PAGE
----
I have also thought of the variac approach, but that would imply splitting the 5v & 6.3v transformer from the B+ transformer? What is the normal practice here?

Also if I only need 140mA per channel, I should be OK with just one GZ34 rectifier instead of two in parallel. This is a circuit for an old commercial amp that I was trying to reproduce and they had two GZ37's in parallel. I have already changed that to GZ34's as they are more readily available and the specs seemed fine.

DF96, I have downloaded PSUD2 and am trying to model my power supply, but this will apparantly take a few extra days to figure it out!

Thanks!
Sander
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Old 30th July 2011, 12:45 AM   #7
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Location: Melbourne
Quote:
Originally Posted by SanderW View Post

I have also thought of the variac approach, but that would imply splitting the 5v & 6.3v transformer from the B+ transformer? What is the normal practice here?
On consumer equipment heaters are usually supplied from the HV transformer.
On commercial and industrial equipment the heaters are usually supplied from their own power supplies. Heater voltage and correct application time are critical in obtaining good tube life so applications with expensive tubes can afford some increased power supply complexity, most tubes at work turn on the heaters 10 minutes before the HV. All heater supplies have adjustable voltage.

If you are building from scratch then there is little reason to use the same transformer for heaters and HV, this was done in the consumer equipment of yesteryear for economy but it might work out cheaper to use separate transformers these days due to availability
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Old 30th July 2011, 12:31 PM   #8
DF96 is offline DF96  England
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Running heaters for 10 mins with no HT may be fine for industrial valves with special cathodes and special getters, but ordinary valves may develop cathode interface. Best to apply heater and HT more or less together - a few seconds either way will do no harm.
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Old 30th July 2011, 02:09 PM   #9
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The Tubes have large indirectly heated Oxide cathodes and ion pump getters, enabling the tubes to be held on standby with reduced heater voltage for long periods of time. Tube life 10k - 50k hrs depending on the device. Thermal cycling and arcover are the main enemies of high power tubes, loss of cathode emission kills them all eventually.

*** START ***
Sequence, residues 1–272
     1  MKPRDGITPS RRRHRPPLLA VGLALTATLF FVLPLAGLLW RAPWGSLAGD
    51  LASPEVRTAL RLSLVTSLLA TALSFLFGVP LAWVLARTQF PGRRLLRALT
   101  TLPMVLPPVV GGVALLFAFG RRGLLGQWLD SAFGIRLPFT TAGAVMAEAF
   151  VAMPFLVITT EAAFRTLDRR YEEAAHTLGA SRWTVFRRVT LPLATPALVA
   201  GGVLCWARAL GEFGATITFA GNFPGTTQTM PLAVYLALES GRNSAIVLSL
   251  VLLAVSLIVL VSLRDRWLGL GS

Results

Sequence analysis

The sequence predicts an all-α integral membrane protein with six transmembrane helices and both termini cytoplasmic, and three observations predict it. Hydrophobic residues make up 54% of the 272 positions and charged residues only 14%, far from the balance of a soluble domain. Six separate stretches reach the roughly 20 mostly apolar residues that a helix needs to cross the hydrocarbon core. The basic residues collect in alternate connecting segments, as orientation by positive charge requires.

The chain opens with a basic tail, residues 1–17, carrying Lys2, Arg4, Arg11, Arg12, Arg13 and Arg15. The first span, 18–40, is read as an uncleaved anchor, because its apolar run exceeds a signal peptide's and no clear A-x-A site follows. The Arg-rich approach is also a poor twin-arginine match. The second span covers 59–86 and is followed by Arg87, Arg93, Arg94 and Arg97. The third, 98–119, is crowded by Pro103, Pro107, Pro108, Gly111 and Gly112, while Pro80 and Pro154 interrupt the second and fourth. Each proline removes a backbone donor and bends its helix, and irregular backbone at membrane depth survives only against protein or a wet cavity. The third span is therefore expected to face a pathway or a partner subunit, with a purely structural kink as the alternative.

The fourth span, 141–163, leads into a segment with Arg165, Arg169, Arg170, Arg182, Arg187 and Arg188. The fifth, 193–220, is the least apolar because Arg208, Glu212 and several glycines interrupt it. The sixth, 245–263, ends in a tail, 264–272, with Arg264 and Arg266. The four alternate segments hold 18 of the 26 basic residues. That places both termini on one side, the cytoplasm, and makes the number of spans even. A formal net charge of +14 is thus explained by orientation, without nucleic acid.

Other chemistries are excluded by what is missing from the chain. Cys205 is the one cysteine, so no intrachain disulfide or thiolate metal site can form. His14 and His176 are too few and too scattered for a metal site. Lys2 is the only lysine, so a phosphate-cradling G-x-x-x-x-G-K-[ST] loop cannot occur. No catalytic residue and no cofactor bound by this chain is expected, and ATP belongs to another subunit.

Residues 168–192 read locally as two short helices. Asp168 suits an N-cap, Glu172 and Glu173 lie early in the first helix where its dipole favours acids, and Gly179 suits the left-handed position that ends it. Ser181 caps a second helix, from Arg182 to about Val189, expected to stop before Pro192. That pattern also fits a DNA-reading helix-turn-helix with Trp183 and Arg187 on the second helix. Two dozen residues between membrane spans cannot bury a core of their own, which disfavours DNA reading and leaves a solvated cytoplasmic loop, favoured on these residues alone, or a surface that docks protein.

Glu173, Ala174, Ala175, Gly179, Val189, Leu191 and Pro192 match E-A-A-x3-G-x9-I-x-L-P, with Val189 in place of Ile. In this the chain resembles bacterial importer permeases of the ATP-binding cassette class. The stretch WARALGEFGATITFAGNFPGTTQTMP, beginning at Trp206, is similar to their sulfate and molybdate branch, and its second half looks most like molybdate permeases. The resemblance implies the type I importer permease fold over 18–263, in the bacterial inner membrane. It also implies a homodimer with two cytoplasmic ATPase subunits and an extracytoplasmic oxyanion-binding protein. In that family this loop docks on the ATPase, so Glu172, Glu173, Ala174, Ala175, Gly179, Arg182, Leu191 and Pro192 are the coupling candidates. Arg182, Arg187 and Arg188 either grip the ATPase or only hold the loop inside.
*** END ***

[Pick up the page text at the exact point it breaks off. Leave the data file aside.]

I am not suggesting 10 minute warm up for audio tubes, just enough time to get some cathode emission before applying the HV, this is mainly to reduce any chance of arcover. If the equipment uses a choke input filter, the HV is going to go sky high before the output devices start drawing current. Older equipment had the delay provided by the thermionic rectifier which doubled as a soft starter not that it was good for rectifier life. Mercury vapour rectifiers required heater power first.

I may be a bit rusty on the small stuff AFAIR it was always preferable to have heater power then HV not the other way around also control grid bias needs to be applied before HV.

Other advantages of separate supplies is the ability to soft start the heaters (reduced thermal shock) and apply correct voltage independent of any HV load, maybe this is overkill for audio where the tubes are cheap. The Older ARRL handbooks and the RCA transmitting tube manual are good references.
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Old 30th July 2011, 03:24 PM   #10
DF96 is offline DF96  England
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High power (e.g. transmitters) usually means high voltage and then the advice about delaying HT is valid. For normal domestic audio voltages arcing is unlikely. A choke input PSU will only go 40-50% over normal, so provided the capacitors can cope the valves will probably be OK. If not, a string of zeners can waste a bit of power until the valves warm up.

Valves which are intended to run for significant periods with full heaters and no current (e.g. early computers and other logic) have special cathodes which do not form interface.